Dylan went to rest in the lodge with E, while Ty and I headed off in search of more powder. Traffic had been pretty low at Timberline, and you could find great powder throughout the trees and even on the trails. We’d found plenty of untracked snow on Tattle Tale on the previous run, so we decided to explore some lines in that area. I pulled out the camera and got some great shots of Ty blasting his way through the powder. That was definitely some great storm riding; the intensity of the snowfall had been ramping up since we’d arrived, and during that early afternoon there was a much steadier snow on the mountain, with rates up to 1″/hr at times. I told Ty that it looked like I’d gotten a pretty cool shot of him from the side sending up a massive powder tail, so when we’d made our way down lower on the mountain, we pulled into the protection of the trees along Spur so that we could take a look at the images. You could tell it was dumping though, as even under the protection of the trees we could barely view the pictures on the camera screen because the snow was accumulating so quickly. It was a great test of the weather sealing on the 7D2, because even after just a couple of minutes all the surfaces were well covered with melted or partially melted flakes. There were no issues, although I suspect the 7D2 shouldn’t even blink at that level of weather. We’ll keep putting it through the paces though.
We stopped in the lodge to see E and Dylan, and we ended up hanging out for a while and getting some food. While inside, Ty and I worked to convince them that they needed to come back out because the skiing was just so good. Dylan eventually felt that he had enough energy to oblige, so we brought them back to the Tattle Tale area for more good lines. With the steady snowfall and a little wind out there, we were definitely talking refresher runs where our previous tracks were getting filled in. That’s part of the fun of storm days of course. Dylan was eager to do some of the photography with the 7D2, so we set him up with it and with some training and a little on the fly help from E, he had a blast. It would be great if he wants to keep working on that and become more experienced, because he already captured some excellent shots, and I’m always happy to get out from behind the camera and let others have fun with it. He snagged a really nice shot of me cutting a hard turn along the edge of Tattle Tale.
We did one more run in the Intro Woods before calling it a day, and I’d say that was good stopping point so that we didn’t tire Dylan out too much; the season is still young and hopefully he’ll be working up to some longer days. Still, we found some really great snow out there during those last couple of runs, and it was hard to pull away and head home knowing how many great spots we didn’t even get to visit. The weather looks to stay wintry this week though, so the snow could be well preserved over the next several days.
“The skiing was actually far better than I’d expected – it was three inches of dense snow atop what, even up at that elevation, was a soft spring base.”
Temperatures were in the upper 30s F down in the Winooski Valley with light rain/mist, and as I headed westward through Bolton Flats, the intensity of the precipitation picked up. The rain changed over to snow at ~1,200’ on the Bolton Valley Access Road, and first signs of new snow accumulation were at the Timberline Base at 1,500’. I suspect that accumulations had reached lower based on that image that PF showed earlier from 800’ in Nashville, but it seemed like the snow line had already risen a bit by the time I was up there. As I continued to ascend the road beyond the Timberline Base, the deciduous trees took on a picturesque coating of white, and gradually the ground began to fill in with white as well.
The Village was quiet as is typical for late April, and as I pulled into the upper lot near the base lodge, I saw a skier just returning to his car after a run. We chatted for a bit, and he said that he’d just come down Cobrass and that the skiing was great. I looked around and saw what looked to be about an inch of fresh snow atop all surfaces, and even the base snow appeared to be soft. Unsure of exactly what I was going to find, I’d brought both fat and mid fat Tele skis, and after finding out how soft the subsurfaces were, I felt confident that going with the fatter AMPerages was the call. I strapped on skins and headed upward, just as another car with three skiers arrived to take the place of the lone skier that had just left.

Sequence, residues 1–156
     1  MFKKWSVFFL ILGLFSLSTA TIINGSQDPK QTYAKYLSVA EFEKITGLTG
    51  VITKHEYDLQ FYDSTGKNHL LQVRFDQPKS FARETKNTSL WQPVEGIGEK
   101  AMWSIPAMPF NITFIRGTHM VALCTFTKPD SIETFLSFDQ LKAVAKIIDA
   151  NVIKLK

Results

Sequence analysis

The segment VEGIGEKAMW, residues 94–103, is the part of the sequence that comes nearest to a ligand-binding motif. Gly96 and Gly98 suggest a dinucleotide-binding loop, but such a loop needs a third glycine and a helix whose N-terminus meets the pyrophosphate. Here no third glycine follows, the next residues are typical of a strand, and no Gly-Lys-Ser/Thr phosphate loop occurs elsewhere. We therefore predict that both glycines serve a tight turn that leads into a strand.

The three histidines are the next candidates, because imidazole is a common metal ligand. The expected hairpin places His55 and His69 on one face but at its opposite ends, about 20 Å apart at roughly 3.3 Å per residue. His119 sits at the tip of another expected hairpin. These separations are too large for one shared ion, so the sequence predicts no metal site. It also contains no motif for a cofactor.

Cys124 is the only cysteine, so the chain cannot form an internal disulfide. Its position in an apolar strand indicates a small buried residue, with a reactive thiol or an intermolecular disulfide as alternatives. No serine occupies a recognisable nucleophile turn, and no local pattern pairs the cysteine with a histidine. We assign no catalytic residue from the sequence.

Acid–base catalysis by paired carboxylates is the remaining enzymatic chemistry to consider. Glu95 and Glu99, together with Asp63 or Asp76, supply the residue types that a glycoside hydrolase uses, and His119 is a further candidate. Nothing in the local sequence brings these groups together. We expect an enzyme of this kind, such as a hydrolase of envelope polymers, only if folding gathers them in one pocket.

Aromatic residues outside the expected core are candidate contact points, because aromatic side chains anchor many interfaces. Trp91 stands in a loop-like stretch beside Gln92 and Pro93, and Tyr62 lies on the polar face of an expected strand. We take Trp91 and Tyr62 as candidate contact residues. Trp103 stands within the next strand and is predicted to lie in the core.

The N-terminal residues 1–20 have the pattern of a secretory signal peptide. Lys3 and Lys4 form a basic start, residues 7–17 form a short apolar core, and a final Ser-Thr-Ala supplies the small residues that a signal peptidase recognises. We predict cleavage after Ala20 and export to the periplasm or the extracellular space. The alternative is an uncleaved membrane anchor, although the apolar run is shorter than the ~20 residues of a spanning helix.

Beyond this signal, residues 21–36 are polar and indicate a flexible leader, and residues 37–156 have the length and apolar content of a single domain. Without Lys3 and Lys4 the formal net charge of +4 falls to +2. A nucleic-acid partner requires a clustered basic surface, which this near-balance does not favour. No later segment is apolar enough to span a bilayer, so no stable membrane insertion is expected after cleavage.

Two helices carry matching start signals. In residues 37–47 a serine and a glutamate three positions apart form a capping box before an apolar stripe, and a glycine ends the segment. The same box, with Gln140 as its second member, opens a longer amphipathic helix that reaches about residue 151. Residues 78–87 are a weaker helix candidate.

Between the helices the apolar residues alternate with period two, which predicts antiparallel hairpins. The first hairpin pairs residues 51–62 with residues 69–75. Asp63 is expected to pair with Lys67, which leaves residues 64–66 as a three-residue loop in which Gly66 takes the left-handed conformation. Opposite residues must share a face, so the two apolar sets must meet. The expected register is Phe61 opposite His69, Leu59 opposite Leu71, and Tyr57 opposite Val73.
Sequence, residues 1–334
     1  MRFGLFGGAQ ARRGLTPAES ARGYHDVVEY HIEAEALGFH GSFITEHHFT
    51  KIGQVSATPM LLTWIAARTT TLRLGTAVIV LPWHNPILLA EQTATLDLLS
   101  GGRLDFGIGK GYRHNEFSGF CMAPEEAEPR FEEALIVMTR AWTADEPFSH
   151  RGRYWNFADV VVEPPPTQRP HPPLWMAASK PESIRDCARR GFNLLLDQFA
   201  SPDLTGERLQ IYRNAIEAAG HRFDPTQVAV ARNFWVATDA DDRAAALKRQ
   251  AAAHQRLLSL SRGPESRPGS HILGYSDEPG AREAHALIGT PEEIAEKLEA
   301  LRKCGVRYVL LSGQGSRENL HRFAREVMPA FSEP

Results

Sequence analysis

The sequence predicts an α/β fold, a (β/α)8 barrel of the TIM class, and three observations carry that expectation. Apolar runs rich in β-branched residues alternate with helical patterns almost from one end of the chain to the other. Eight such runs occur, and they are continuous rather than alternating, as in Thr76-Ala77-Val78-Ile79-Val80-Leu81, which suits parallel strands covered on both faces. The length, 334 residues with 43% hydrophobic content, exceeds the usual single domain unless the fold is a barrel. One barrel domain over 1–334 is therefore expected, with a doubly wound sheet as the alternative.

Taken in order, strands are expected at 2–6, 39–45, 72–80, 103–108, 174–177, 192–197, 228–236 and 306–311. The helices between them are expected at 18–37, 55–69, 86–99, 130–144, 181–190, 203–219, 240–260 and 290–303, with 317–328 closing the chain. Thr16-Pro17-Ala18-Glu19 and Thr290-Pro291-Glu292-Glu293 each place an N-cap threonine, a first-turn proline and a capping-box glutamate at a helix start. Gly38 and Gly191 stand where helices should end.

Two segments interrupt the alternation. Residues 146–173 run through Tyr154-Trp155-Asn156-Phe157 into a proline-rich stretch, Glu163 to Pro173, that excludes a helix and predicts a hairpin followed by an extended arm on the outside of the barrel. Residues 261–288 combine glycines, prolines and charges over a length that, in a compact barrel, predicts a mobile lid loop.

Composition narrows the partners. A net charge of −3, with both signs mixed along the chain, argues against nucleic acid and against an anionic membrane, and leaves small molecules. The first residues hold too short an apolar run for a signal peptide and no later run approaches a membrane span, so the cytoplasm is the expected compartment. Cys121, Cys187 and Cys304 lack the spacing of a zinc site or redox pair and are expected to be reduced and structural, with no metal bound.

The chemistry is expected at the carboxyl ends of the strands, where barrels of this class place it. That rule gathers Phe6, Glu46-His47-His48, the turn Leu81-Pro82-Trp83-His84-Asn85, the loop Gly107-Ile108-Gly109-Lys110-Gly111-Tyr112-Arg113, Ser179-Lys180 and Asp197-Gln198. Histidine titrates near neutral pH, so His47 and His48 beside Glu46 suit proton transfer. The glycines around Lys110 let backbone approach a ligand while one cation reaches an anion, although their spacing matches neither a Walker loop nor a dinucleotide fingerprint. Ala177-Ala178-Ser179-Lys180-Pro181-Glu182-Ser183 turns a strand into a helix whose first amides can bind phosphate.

Light snow continued to fall as I began skinning up above the lodge, and I could see that skier traffic had been very light. There were signs of just a couple of skiers that had skinned up in the new snow, and a couple of addition sets of footprints from people that had hiked. As I was ascending near the top of Beech Seal, a skier passed me on his descent, and I definitely liked the sound of his turns… or more appropriately, the lack of sound as he came by. That quiet schuss was a good sign regarding the subsurface below the new snow, and I with the good coverage I saw, I made a note to consider Beech Seal on that part of the descent. At Mid Mountain the depth of the new snow was about 2”, and I continued over toward Cobrass on my ascent to see what that other skier had experienced. I don’t think I’ve ascended Cobrass yet this spring, so it also gave me a chance to use that route. I could see the other skier’s descent track, and pretty quickly I knew that descending Cobrass was not going to be the call for me. With its southern and western exposures, there was just too little base in various spots. I suspected things would be much better on a trail with northern exposure. I could see that the Cobrass Café picnic table had reappeared from its winter burial; it’s been looking a bit worse for wear over the past couple of seasons, but it’s hanging in there.
At the Vista Summit, I checked the depth of new snow again, and it was right around 3”. There were actually no tracks of any kind over near the patrol house or the top of the Vista Quad, and it was just pristine snow, so I suspected that whatever trail I chose, I’d be able to get first tracks. I downed a GU and some water, switched over to descent mode, and headed down Alta Vista. Aside from the wind scoured section along the skier’s right at the top, the base coverage was wall to wall, and the new snow on top was wholly untracked. The skiing was actually far better than I’d expected – it was three inches of dense snow atop what, even up at that elevation, was a soft spring base. I was very happy with my ski choice, as the AMPerages were in their element – I was planing pretty quickly atop the dense snow, and had a lot of fun drifting some of my turns. The new snow was only partially bonded to the subsurface, so you could easily let it slide as much as you wanted as you sloughed the snow away.